• 15 Ferreira RM, Pereira-Marques J, Pinto-Ribeiro I. et al. Gastric microbial community profiling reveals a dysbiotic cancer-associated microbiota. Gut 2018; 67: 226-236
  • 16 Coker OO, Dai Z, Nie Y. et al. Mucosal microbiome dysbiosis in gastric carcinogenesis. Gut 2018; 67: 1024
  • 17 Liu X, Shao L, Liu X. et al. Alterations of gastric mucosal microbiota across different stomach microhabitats in a cohort of 276 patients with gastric cancer. EBio Med 2019; 40: 336-348
  • 18 Ling Z, Shao L, Liu X. et al. Regulatory T cells and plasmacytoid dendritic cells within the tumor microenvironment in gastric cancer are correlated with gastric microbiota dysbiosis: A preliminary study. Front Immunol 2019; 10: 533-533
  • 19 Gunathilake MN, Lee J, Choi IJ. et al. Association between the relative abundance of gastric microbiota and the risk of gastric cancer: a case-control study. Sci Rep 2019; 9: 13589-13589
  • 20 Vasapolli R, Schütte K, Schulz C. et al. Analysis of transcriptionally active bacteria throughout the gastrointestinal tract of healthy individuals. Gastroenterol 2019; 157: 1081-1092.e3
  • 21 Lertpiriyapong K, Whary MT, Muthupalani S. et al. Gastric colonisation with a restricted commensal microbiota replicates the promotion of neoplastic lesions by diverse intestinal microbiota in the Helicobacter pylori INS-GAS mouse model of gastric carcinogenesis. Gut 2014; 63: 54-63
  • 22 Yang L, Lu X, Nossa CW. et al. Inflammation and intestinal metaplasia of the distal esophagus are associated with alterations in the microbiome. Gastroenterol 2009; 137: 588-597
  • 23 Elliott DRF, Walker AW, O’Donovan M. et al. A non-endoscopic device to sample the oesophageal microbiota: a case-control study. Lancet Gastroenterol Hepatol 2017; 2: 32-42
  • 24 Bogaert J, Prenen H. Molecular genetics of colorectal cancer. Ann Gastroenterol 2014; 27: 9-14
  • 25 Yu J, Feng Q, Wong SH. et al. Metagenomic analysis of faecal microbiome as a tool towards targeted non-invasive biomarkers for colorectal cancer. Gut 2017; 66: 70-78
  • 26 Chen W, Liu F, Ling Z. et al. Human intestinal lumen and mucosa-associated microbiota in patients with colorectal cancer. PLoS One 2012; 7: e39743
  • 27 Lu Y, Chen J, Zheng J. et al. Mucosal adherent bacterial dysbiosis in patients with colorectal adenomas. Sci Rep 2016; 6: 26337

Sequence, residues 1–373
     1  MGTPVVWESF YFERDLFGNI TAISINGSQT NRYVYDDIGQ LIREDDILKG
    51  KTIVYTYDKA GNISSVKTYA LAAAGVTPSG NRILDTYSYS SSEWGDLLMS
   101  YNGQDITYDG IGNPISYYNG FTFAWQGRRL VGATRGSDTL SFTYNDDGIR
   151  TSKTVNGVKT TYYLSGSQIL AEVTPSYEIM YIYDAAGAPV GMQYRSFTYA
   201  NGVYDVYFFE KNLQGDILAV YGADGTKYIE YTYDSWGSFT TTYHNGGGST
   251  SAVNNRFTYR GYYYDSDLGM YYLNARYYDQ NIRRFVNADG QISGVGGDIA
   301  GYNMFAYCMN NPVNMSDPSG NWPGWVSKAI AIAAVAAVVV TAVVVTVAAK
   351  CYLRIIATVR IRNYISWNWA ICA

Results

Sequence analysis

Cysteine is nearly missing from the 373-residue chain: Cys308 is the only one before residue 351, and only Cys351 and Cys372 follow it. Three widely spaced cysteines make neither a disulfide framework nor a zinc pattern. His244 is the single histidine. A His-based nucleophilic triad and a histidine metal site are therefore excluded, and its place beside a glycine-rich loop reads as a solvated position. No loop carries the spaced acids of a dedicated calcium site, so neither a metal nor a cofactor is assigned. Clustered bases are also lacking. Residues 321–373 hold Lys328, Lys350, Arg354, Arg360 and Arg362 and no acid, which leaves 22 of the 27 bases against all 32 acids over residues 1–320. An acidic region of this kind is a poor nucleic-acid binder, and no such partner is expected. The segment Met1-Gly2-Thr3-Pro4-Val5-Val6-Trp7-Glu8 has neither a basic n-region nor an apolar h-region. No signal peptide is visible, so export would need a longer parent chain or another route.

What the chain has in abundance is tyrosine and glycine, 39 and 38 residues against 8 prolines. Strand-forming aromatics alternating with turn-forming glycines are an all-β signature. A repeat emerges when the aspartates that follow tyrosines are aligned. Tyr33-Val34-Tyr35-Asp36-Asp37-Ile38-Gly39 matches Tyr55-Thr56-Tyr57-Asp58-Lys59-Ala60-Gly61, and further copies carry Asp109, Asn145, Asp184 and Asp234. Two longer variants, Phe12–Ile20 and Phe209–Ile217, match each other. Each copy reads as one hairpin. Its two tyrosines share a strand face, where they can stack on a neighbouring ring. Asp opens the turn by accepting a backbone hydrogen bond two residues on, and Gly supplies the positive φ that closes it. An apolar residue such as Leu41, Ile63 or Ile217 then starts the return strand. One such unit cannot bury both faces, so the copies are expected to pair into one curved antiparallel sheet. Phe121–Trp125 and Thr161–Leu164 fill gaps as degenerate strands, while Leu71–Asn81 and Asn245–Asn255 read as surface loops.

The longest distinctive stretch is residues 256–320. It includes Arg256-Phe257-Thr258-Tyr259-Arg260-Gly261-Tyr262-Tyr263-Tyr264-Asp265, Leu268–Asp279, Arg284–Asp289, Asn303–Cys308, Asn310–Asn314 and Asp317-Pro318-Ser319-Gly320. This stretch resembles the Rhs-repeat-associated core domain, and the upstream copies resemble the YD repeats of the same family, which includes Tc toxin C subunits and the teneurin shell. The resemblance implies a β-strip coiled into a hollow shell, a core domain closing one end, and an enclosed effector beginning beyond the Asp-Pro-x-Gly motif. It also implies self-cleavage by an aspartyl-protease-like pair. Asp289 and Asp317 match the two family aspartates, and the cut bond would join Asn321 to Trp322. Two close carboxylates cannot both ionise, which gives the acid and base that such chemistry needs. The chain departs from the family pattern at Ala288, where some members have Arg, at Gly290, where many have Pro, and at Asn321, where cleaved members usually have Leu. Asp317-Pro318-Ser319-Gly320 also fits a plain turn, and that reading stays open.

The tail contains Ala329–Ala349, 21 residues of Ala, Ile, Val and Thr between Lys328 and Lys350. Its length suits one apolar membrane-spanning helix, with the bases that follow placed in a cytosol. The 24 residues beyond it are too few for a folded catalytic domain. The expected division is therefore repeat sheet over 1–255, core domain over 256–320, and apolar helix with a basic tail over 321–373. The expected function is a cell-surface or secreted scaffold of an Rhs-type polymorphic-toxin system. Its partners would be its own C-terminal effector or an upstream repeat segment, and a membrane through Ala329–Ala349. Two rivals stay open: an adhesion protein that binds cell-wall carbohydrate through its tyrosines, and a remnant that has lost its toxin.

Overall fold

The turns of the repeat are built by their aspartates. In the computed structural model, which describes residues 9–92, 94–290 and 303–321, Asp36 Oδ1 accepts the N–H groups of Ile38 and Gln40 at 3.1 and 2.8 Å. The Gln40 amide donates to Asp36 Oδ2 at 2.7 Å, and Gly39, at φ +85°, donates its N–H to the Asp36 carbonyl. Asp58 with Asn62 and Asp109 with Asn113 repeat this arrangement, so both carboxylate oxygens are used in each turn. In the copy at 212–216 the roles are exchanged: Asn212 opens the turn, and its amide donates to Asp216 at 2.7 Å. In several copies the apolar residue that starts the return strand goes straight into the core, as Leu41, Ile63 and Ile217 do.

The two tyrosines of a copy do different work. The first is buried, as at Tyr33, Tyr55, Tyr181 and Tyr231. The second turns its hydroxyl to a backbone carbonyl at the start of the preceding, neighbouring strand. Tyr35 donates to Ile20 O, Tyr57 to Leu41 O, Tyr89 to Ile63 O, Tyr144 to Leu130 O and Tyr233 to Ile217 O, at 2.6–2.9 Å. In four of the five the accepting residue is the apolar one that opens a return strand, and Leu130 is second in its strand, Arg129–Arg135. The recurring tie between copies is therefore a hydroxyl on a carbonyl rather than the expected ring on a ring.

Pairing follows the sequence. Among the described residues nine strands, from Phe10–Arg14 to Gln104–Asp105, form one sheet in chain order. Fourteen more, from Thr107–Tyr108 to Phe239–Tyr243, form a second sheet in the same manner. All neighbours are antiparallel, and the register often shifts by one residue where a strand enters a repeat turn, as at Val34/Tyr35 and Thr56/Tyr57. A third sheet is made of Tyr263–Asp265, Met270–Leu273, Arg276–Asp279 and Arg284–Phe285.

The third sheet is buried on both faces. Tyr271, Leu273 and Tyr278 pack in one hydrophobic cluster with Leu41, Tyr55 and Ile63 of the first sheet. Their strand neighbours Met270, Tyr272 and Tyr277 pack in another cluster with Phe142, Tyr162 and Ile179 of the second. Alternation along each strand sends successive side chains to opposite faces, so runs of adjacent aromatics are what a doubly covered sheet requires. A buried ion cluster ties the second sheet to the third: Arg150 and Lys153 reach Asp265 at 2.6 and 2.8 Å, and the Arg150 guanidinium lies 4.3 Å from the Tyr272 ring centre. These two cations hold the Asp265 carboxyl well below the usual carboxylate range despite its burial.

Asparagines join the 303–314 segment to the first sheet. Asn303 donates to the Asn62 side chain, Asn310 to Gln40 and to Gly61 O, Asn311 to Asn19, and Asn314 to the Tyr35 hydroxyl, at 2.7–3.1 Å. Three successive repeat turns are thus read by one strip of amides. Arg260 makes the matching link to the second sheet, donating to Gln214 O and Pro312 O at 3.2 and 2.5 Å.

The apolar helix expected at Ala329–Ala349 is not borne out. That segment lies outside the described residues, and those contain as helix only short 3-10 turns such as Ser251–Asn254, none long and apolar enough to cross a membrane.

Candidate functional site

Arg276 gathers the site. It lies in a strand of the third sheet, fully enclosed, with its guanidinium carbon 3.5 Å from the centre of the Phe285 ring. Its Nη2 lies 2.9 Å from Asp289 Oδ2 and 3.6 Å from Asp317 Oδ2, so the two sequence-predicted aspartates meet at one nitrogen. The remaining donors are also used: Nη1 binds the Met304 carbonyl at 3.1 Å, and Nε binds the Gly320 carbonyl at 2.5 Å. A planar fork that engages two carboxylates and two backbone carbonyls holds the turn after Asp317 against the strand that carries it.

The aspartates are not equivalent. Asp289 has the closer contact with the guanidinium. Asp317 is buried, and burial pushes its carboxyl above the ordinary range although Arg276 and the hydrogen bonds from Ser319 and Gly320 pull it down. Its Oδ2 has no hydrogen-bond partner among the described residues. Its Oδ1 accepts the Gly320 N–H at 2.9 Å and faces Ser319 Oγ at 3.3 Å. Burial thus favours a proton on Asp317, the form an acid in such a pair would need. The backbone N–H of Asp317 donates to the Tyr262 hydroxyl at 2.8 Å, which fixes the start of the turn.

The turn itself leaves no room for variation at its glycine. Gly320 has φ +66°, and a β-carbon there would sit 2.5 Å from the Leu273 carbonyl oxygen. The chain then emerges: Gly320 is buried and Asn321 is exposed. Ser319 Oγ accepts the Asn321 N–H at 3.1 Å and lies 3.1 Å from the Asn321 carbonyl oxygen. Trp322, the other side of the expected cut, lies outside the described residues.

• 28 He Z, Gharaibeh RZ, Newsome RC. et al. Campylobacter jejuni promotes colorectal tumorigenesis through the action of cytolethal distending toxin. Gut 2019; 68: 289-300
  • 29 Tomkovich S, Yang Y, Winglee K. et al. Locoregional effects of microbiota in a preclinical model of colon carcinogenesis. Cancer Res 2017; 77: 2620-2632
  • 30 Castellarin M, Warren RL, Freeman JD. et al. Fusobacterium nucleatum infection is prevalent in human colorectal carcinoma. Genome Res 2012; 22: 299-306
  • 31 Flanagan L, Schmid J, Ebert M. et al. Fusobacterium nucleatum associates with stages of colorectal neoplasia development, colorectal cancer and disease outcome. Eur J Clin Microbiol Infect Dis 2014; 33: 1381-1390
  • 32 Mima K, Sukawa Y, Nishihara R. et al. Fusobacterium nucleatum and T cells in colorectal carcinoma. JAMA Oncol 2015; 1: 653-661
  • 33 Mima K, Nishihara R, Qian ZR. et al. Fusobacterium nucleatum in colorectal carcinoma tissue and patient prognosis. Gut 2016; 65: 1973-1980
  • 34 Bonnet M, Buc E, Sauvanet P. et al. Colonization of the human gut by E. coli and colorectal cancer risk. Clin Cancer Res 2014; 20: 859-867
  • 35 Kohoutova D, Smajs D, Moravkova P. et al. Escherichia coli strains of phylogenetic group B2 and D and bacteriocin production are associated with advanced colorectal neoplasia. BMC Infect Dis 2014; 14: 733
  • 36 Toprak NU, Yagci A, Gulluoglu BM. et al. A possible role of Bacteroides fragilis enterotoxin in the aetiology of colorectal cancer. Clin Microbiol Infect 2006; 12: 782-786
  • 37 Boleij A, Hechenbleikner EM, Goodwin AC. et al. The Bacteroides fragilis toxin gene is prevalent in the colon mucosa of colorectal cancer patients. Clin Infect Dis 2015; 60: 208-215
  • 38 Pleguezuelos-Manzano C, Puschhof J, Rosendahl HA. et al. Mutational signature in colorectal cancer caused by genotoxic pks[+] E. coli. Nature 2020; 580: 269-273